Scrutinizing Roll and Add Mechanics.
One of the big advantages of Roll and Add mechanics is that they’re linear. Meaning a +1 always produces the same relative gain in probability. When the distribution in uniform that +1 always has the same absolute value, when the distribution is normal, the +1 gives the same bonus relative to the unmodified amount.
So to evaluate the different mechanics it’s helpful to discern exactly how much the +1 is going to be worth for each dice and distribution. The way to do this is using Standard Deviation.
Calculating the Average Value of a +1
To figure out what a +1 is worth you simply need to calculate the Standard Deviation within a given distribution. This number will tell you that about 2/3 of the time you will roll a number between the average plus or minus the Standard Deviation. For example, a 1d20 has a Standard Deviation of 5.77, and a Mean of 10.5 – From this we can discern that 2/3 times we roll the dice we are going to land between 5 (4.77) and 16 (16.27). That means in order to feel like you’ve gained enough of a bonus to break free from that range completely, you’re going to need a +6 bonus. Conversely, a 1d4 has a Standard Deviation of 1.12, so 2/3 times it will give between 1 (1.38) and 4 (3.62), but to feel like you’ve broken free of that you need only a +2. In fact you can calculate how much move a +1 is using a 1d4 than a 1d20 by taking the 5.77 and dividing my 1.12. Which makes the +1 just about five times as valuable on a 1d4 scale than on a 1d20 scale.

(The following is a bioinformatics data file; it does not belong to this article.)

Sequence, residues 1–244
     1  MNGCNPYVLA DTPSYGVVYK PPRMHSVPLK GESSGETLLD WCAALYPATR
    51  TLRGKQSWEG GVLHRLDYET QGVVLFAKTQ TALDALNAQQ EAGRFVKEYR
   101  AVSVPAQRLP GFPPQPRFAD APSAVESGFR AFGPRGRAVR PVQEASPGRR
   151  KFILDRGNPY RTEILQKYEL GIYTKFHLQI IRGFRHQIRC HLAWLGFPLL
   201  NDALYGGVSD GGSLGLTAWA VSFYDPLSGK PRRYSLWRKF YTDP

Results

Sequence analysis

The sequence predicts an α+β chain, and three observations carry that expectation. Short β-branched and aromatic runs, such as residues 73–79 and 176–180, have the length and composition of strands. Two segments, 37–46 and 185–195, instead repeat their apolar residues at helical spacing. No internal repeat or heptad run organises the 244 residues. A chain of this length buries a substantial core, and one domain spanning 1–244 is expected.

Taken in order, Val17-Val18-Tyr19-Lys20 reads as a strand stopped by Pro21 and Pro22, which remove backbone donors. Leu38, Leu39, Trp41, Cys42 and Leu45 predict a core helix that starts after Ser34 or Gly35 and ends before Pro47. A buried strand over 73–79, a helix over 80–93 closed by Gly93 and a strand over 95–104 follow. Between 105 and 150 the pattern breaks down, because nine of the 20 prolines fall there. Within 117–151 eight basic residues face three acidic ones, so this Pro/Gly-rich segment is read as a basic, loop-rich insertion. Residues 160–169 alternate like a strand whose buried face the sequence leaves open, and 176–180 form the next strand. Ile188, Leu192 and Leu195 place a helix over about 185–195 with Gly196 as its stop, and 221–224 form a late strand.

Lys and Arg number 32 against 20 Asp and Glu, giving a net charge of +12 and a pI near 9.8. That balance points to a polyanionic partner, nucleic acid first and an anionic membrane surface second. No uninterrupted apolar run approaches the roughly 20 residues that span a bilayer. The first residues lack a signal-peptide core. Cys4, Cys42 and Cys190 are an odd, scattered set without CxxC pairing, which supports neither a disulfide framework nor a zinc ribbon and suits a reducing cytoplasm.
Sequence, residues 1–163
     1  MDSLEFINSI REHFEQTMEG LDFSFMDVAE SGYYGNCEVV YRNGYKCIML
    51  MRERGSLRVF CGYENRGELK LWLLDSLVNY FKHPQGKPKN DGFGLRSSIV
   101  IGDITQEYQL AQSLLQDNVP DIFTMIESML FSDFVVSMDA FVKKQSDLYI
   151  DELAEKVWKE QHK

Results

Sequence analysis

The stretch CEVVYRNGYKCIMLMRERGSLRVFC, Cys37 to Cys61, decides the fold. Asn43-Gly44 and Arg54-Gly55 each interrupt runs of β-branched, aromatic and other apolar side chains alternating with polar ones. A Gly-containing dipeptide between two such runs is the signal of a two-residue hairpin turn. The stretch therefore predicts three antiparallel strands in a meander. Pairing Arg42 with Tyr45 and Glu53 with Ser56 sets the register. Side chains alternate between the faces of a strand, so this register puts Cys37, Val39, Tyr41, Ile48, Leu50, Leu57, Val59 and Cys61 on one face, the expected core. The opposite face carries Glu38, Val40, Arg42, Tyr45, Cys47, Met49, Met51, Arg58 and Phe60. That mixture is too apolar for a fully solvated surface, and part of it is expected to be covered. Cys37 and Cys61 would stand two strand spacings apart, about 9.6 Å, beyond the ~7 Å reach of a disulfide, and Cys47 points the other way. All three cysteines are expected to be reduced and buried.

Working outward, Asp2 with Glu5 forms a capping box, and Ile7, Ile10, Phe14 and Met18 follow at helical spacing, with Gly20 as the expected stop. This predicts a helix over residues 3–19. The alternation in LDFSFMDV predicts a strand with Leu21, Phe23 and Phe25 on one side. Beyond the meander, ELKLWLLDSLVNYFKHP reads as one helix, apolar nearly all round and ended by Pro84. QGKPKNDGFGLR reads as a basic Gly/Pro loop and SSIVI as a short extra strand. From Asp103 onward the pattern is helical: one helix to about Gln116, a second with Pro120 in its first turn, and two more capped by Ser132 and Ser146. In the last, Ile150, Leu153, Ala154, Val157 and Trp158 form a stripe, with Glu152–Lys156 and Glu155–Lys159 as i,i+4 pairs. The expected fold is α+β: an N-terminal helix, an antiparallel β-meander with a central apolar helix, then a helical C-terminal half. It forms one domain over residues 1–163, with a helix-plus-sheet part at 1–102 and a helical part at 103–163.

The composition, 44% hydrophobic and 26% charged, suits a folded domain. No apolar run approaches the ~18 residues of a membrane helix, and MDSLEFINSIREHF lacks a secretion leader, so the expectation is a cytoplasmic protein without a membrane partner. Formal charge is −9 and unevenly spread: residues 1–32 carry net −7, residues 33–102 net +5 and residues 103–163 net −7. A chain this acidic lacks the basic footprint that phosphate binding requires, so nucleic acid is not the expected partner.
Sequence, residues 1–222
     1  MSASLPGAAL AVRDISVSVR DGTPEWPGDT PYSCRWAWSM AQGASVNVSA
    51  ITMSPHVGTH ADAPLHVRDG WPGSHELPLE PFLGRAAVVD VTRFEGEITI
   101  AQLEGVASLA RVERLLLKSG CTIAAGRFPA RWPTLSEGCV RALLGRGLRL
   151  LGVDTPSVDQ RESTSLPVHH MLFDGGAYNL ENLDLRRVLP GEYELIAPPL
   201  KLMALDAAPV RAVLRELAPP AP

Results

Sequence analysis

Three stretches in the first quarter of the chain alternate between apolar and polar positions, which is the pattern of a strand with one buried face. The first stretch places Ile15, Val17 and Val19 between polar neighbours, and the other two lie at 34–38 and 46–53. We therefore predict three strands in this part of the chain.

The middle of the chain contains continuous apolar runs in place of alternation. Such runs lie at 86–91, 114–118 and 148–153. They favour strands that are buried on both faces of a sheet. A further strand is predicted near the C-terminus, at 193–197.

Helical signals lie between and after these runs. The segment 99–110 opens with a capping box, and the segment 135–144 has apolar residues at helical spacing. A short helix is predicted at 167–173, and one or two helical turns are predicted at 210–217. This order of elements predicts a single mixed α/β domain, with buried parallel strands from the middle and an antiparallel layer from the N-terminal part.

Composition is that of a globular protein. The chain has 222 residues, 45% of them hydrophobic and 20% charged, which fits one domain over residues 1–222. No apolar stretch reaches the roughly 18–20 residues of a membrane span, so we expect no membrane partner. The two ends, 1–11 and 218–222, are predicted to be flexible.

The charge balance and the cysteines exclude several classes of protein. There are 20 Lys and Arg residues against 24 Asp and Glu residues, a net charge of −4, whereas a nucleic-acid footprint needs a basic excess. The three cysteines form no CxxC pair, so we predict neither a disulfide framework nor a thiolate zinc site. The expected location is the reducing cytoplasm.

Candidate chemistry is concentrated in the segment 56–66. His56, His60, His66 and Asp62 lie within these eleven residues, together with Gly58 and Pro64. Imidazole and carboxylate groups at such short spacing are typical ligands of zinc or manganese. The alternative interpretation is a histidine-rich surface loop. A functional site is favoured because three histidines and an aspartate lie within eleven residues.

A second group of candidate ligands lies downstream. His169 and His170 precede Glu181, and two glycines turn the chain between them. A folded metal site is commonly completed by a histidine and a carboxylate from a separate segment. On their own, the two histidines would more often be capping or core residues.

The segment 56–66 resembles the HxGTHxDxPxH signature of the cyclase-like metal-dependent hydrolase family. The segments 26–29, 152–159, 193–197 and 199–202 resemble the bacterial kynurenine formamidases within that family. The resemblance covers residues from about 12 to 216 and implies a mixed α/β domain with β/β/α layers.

Of course, if you’ve been paying attention you’ve doubtless already noticed a problem. A 1d4 has a lower standard deviation, but it also has a smaller range. While a +6 is 1/3 of a d20, a +2 is half of a 1d4. A +1 is indeed more valuable in a 1d4, but only because a 1d4 has such a tiny range relative to 1d20.
You of course could measure that by looking at the Standard Deviation relative to the Mean, specifically dividing the Standard Deviation by the mean we derive the Coefficient of Variation. That gives you a uniform metric that can be used to compare how “random” each dice is going to be. Of course the +1 will have to work around that, but the design principle here is to first determine how random you are looking for. The experience I’ve had talking with friends is that 1d20 is too random, and 3d6 is not random enough. That tells me we are looking for a Coefficient of Variance less than 55% and greater than 28%. Targeting around 30% would give us 3d10 or 3d12. 3d10 produces a range between 3 and 30 or 3 and 36, and gives +1’s similar to a d20. I find that level of granularity to be a little much, 2d10 and 3d8 are closer to the level of granularity that seems appropriate with 2d10 producing results between 2 and 10 and 3d8 producing results between 3 and 24. That means a 19 point range or a 21 point range with a similar standard deviation. 3d8 has the advantage of actually being normal, but 8’s are harder to add then 10’s. Finally, biting the ‘too consistent’ bullet and going with 3d6 is tempting because 6 sided dice are easy to gain.
Some Other Options
That analysis was assuming that all the dice are added together, and was working with numbers of identical dice. That’s of course unnecessary. One option is to have one dice subtract from the other instead of adding them together. 2d6-2d6 is a natural fit for this, it has a Standard deviation that indicates an appropriate level of granularity, and produces a nice bell curve, it also produces a very tidy range a -10 to +10. That itself can have an advantage because comparing scores doesn’t require adding 10 to a defending side.
Another choice is mixing dice. There is no rule that says it has to be 3d8, it could be 1d6+1d8+1d10, however without a compelling reason to do that it seems that that only adds complexity.
What’s your preferred dice mechanic? How much variance do you like? Is the 2 positive and 2 negative a good idea?